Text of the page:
Correlates of Iron, Cobalamin, Folate, and Vitamin A Status among Stunted Children: A Cross-Sectional Study in Uganda

Rolland Mutumba*, Hannah Pesu, Joseph Mbabazi, Eva Greibe, Mette F. Olsen, André Briend, Christian Mølgaard, Christian Ritz, Nicolette Nabukeera-Barungi, Ezekiel Mupere, Suzanne Filteau, Henrik Friis, Benedikte Grenov

*Corresponding author for this work

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Micronutrient deficiencies and stunting are prevalent. We assessed correlates of iron, cobalamin, folate, and vitamin A biomarkers in a cross-sectional study of stunted children aged 12–59 months in eastern Uganda. The biomarkers measured were serum ferritin (S-FE), soluble transferrin receptor (S-TfR), retinol binding protein (S-RBP), plasma cobalamin (P-Cob), methylmalonic acid (P-MMA), and folate (P-Fol). Using linear regression, we assessed socio-demography, stunting severity, malaria rapid test, and inflammation as correlates of micronutrient biomarkers. Of the 750 children, the mean (SD) age was 32.0 (11.7) months, and 45% were girls. Iron stores were depleted (inflammation-corrected S-FE < 12 µg/L) in 43%, and 62% had tissue iron deficiency (S-TfR > 8.3 mg/L). P-Cob was low (<148 pmol/L) and marginal (148–221 pmol/L) in 3% and 20%, and 16% had high P-MMA (>0.75 µmol/L). Inflammation-corrected S-RBP was low (<0.7 µmol/L) in 21% and P-Fol (<14 nmol/L) in 1%. Age 24–59 months was associated with higher S-FE and P-Fol and lower S-TfR. Breastfeeding beyond infancy was associated with lower iron status and cobalamin status, and malaria was associated with lower cobalamin status and tissue iron deficiency (higher S-TfR) despite iron sequestration in stores (higher S-FE). In conclusion, stunted children have iron, cobalamin, and vitamin A deficiencies. Interventions addressing stunting should target co-existing micronutrient deficiencies.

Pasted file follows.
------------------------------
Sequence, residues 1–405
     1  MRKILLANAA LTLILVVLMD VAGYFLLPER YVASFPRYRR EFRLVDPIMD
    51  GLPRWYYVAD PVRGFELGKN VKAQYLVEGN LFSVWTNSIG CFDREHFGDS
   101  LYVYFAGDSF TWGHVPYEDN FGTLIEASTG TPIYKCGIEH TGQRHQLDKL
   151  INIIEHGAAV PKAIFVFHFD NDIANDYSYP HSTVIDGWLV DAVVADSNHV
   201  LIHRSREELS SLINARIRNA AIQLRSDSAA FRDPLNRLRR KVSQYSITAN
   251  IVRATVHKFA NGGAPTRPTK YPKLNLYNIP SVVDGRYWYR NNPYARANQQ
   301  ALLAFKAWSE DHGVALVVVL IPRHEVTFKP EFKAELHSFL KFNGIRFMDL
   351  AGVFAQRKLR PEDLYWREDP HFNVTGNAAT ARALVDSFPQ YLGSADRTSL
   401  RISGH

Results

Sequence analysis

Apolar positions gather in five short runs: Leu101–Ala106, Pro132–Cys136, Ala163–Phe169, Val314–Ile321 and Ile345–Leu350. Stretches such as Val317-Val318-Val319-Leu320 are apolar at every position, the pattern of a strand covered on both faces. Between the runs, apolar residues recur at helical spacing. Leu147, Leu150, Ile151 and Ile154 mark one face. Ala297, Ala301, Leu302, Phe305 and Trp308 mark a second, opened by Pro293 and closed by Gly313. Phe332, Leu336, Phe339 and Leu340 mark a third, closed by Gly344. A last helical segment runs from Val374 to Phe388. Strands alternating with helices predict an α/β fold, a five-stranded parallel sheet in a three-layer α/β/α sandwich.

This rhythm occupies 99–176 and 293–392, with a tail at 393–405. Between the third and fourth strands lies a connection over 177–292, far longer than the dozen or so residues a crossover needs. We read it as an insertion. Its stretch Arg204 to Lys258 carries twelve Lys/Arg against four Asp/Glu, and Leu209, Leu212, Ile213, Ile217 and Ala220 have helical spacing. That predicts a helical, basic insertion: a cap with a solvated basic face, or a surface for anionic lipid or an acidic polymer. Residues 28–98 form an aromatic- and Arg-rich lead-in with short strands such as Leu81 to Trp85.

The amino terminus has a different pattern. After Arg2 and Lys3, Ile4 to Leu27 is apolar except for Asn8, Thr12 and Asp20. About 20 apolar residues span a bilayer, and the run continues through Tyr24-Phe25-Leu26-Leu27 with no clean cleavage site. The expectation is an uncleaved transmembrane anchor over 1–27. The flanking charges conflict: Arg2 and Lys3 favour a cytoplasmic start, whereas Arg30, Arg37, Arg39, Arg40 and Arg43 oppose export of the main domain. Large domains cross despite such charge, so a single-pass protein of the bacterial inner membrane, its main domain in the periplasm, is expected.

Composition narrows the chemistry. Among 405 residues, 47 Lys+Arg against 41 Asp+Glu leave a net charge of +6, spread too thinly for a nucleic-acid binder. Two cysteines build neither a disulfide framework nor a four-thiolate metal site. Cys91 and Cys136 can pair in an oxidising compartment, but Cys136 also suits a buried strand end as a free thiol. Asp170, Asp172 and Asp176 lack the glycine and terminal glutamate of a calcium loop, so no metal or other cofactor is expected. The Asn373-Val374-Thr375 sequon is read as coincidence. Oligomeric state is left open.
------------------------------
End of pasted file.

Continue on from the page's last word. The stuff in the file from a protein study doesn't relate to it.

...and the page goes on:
Original languageEnglish
Article number3429
Issue number15
Number of pages13
Publication statusPublished - Aug 2023


  • cobalamin
  • folate
  • iron
  • micronutrient status
  • stunting
  • vitamin A


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